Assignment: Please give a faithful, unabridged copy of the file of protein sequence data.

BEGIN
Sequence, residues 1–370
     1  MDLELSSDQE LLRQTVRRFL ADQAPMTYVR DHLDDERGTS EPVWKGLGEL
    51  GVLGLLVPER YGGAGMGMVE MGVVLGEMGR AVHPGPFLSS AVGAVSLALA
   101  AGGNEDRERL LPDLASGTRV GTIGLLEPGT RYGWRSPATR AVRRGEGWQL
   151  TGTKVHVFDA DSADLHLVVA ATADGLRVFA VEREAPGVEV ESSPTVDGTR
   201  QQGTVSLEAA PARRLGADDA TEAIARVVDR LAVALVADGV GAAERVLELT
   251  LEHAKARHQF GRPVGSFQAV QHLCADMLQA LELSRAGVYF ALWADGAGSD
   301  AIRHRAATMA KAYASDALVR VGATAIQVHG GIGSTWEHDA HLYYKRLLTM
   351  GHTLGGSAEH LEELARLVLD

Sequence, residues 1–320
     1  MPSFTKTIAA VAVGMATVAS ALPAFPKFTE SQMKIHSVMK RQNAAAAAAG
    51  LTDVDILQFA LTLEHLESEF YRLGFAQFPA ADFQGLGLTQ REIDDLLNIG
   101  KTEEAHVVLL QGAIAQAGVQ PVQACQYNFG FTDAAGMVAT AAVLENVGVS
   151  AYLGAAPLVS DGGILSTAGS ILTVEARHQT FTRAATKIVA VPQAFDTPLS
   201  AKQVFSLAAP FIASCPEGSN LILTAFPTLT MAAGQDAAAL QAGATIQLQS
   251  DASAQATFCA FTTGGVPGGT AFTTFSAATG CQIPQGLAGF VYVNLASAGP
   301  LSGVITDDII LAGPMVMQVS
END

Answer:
Sequence, residues 1–370
     1  MDLELSSDQE LLRQTVRRFL ADQAPMTYVR DHLDDERGTS EPVWKGLGEL
    51  GVLGLLVPER YGGAGMGMVE MGVVLGEMGR AVHPGPFLSS AVGAVSLALA
   101  AGGNEDRERL LPDLASGTRV GTIGLLEPGT RYGWRSPATR AVRRGEGWQL
   151  TGTKVHVFDA DSADLHLVVA ATADGLRVFA VEREAPGVEV ESSPTVDGTR
   201  QQGTVSLEAA PARRLGADDA TEAIARVVDR LAVALVADGV GAAERVLELT
   251  LEHAKARHQF GRPVGSFQAV QHLCADMLQA LELSRAGVYF ALWADGAGSD
   301  AIRHRAATMA KAYASDALVR VGATAIQVHG GIGSTWEHDA HLYYKRLLTM
   351  GHTLGGSAEH LEELARLVLD

Sequence, residues 1–320
     1  MPSFTKTIAA VAVGMATVAS ALPAFPKFTE SQMKIHSVMK RQNAAAAAAG
    51  LTDVDILQFA LTLEHLESEF YRLGFAQFPA ADFQGLGLTQ REIDDLLNIG
   101  KTEEAHVVLL QGAIAQAGVQ PVQACQYNFG FTDAAGMVAT AAVLENVGVS
   151  AYLGAAPLVS DGGILSTAGS ILTVEARHQT FTRAATKIVA VPQAFDTPLS
   201  AKQVFSLAAP FIASCPEGSN LILTAFPTLT MAAGQDAAAL QAGATIQLQS
   251  DASAQATFCA FTTGGVPGGT AFTTFSAATG CQIPQGLAGF VYVNLASAGP
   301  LSGVITDDII LAGPMVMQVS